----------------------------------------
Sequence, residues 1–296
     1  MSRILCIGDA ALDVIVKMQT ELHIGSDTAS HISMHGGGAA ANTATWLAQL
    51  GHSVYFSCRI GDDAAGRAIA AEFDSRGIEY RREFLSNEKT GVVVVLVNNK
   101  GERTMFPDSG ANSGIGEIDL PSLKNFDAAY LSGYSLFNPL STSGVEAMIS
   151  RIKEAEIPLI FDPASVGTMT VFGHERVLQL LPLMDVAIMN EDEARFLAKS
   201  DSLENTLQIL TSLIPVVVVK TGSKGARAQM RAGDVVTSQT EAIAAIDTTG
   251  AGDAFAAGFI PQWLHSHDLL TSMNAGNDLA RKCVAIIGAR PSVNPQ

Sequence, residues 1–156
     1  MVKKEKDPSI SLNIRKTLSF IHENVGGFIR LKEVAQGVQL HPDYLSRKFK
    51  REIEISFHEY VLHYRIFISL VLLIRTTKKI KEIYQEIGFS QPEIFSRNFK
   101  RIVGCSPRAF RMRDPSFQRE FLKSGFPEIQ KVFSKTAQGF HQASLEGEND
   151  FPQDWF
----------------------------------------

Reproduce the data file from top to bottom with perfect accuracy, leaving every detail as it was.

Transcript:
Sequence, residues 1–296
     1  MSRILCIGDA ALDVIVKMQT ELHIGSDTAS HISMHGGGAA ANTATWLAQL
    51  GHSVYFSCRI GDDAAGRAIA AEFDSRGIEY RREFLSNEKT GVVVVLVNNK
   101  GERTMFPDSG ANSGIGEIDL PSLKNFDAAY LSGYSLFNPL STSGVEAMIS
   151  RIKEAEIPLI FDPASVGTMT VFGHERVLQL LPLMDVAIMN EDEARFLAKS
   201  DSLENTLQIL TSLIPVVVVK TGSKGARAQM RAGDVVTSQT EAIAAIDTTG
   251  AGDAFAAGFI PQWLHSHDLL TSMNAGNDLA RKCVAIIGAR PSVNPQ

Sequence, residues 1–156
     1  MVKKEKDPSI SLNIRKTLSF IHENVGGFIR LKEVAQGVQL HPDYLSRKFK
    51  REIEISFHEY VLHYRIFISL VLLIRTTKKI KEIYQEIGFS QPEIFSRNFK
   101  RIVGCSPRAF RMRDPSFQRE FLKSGFPEIQ KVFSKTAQGF HQASLEGEND
   151  FPQDWF